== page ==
Some GPs are charging patients $120 for a standard consultation.
Some GPs are charging patients $120 for a standard consultation.

Why you’re paying more to see a doctor

EXCLUSIVE: Some GPs are charging patients $120 for a standard consultation as the costs to see a doctor soar.

And one in three patients around the nation are paying on average over $36 out of their own pocket to see a doctor, with GPs' fees rising well in excess of inflation.

Medicare rebates rose by 55 cents in July, from $37 to $37.55, the first increase in four years, but News Corp can reveal it did little to help patients because the AMA recommended doctors raise their fees by $2 on November 1 to $81.

The out of pocket charges faced by patients whose doctors don't bulk bill have soared by 21 per cent since July 2014 when the government froze Medicare rebates.

The spiralling costs have driven up the number of people at hospital emergency departments and led 660,000 people to skip seeing a GP.

 

Rising GP costs linked to increase in people using hospital emergency departments. Picture Getty Images.
Rising GP costs linked to increase in people using hospital emergency departments. Picture Getty Images.

 

A new analysis of GP charges by website Mind the Gap has found at least six inner city Sydney clinics slugging patients more than $100 for a consultation and one GP is charging $120.

Rising GP costs have been linked to  the increase in people using hospital emergency departments. Picture Getty Images.
Rising GP costs have been linked to the increase in people using hospital emergency departments. Picture Getty Images.

That is 50 per cent more than the $81 charge the AMA recommends.

"The indexation of Medicare was a step in the right direction. However, the increase in average private fees above the indexation indicates that it wasn't adequate to cover rising practice costs for GPs which were then passed on to patients," said Mind the Gap founder James Gillespie.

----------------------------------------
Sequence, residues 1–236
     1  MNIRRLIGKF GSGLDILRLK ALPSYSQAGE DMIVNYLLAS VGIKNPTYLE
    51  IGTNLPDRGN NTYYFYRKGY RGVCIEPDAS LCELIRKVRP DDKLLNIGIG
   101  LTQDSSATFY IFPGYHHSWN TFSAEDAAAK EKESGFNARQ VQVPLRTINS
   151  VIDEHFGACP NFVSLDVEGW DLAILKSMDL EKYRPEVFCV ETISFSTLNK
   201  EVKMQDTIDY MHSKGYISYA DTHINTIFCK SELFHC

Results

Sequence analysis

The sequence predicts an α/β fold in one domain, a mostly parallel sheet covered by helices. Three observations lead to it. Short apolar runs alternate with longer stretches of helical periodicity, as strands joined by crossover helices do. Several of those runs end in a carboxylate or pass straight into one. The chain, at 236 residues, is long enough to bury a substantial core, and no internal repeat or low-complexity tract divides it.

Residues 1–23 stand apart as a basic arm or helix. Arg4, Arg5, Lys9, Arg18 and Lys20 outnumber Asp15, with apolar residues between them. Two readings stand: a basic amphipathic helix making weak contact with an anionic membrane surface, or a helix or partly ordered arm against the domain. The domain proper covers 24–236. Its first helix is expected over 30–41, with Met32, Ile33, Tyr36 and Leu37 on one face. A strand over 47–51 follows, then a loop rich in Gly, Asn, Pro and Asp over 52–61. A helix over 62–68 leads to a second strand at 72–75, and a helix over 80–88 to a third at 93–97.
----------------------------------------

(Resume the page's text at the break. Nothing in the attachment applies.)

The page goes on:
Health Minister Greg Hunt is upbeat that the latest Medicare data shows the number of GP services that are bulk billed at no charge to the patient has risen to record levels of 84.7 per cent.

However, the number of services that are bulk-billed is not the same as the number of patients that are bulk billed.

Australian Medical Association president Dr Tony Bartone has defended the rise. Picture: Kym Smith
Australian Medical Association president Dr Tony Bartone has defended the rise. Picture: Kym Smith

Health department data shows one in three patients are not bulk billed by their GP and the latest Medicare data shows these patients are paying on average over $36 out of their own pocket to see a doctor after they receive their Medicare rebate.

The soaring out of pocket costs are due in part to the government's four year freeze on Medicare rebates and are also due to above inflation fee rises by doctors.

The AMA's recommended 2.5 per cent fee rise is nearly fifty per cent higher than the 1.9 per cent inflation rate.

Australian Medical Association president Dr Tony Bartone defended the rise and said health funds had been granted a premium rise of 3.25 per cent and the Wage Price Index for Australia from September 2017 to September 2018 was 2.2 per cent.

Doctors faced rising rental and wage costs that had to be covered by their fees if their small businesses were to survive, he said.

Since July 2014 when the government froze Medicare rebates to save over $3 billion the average the out of pocket charges faced by patients whose doctors don't bulk bill have soared by $6.20 or 21 per cent.

Opposition health spokeswoman Catherine King said the soaring costs have driven up the number of people at hospital emergency departments and led 660,000 people to skip seeing a doctor.

The freeze in the Medicare rebate has also seen some bulk billing GPs increase the number of services they provide to maintain their income.

Some doctors are now likely to treat just one health problem per consultation.

Australian Institute of Health and Welfare data shows the number of GP services per patient has risen from 5.4 in 2010-11 to 6.1 in 2016-17.

"When you've got a small business and the government freezes your rebate it does put a squeeze on your margins and for some people that is a solution, it is not a common solution but we are aware of people doing it," Dr Bartone said.



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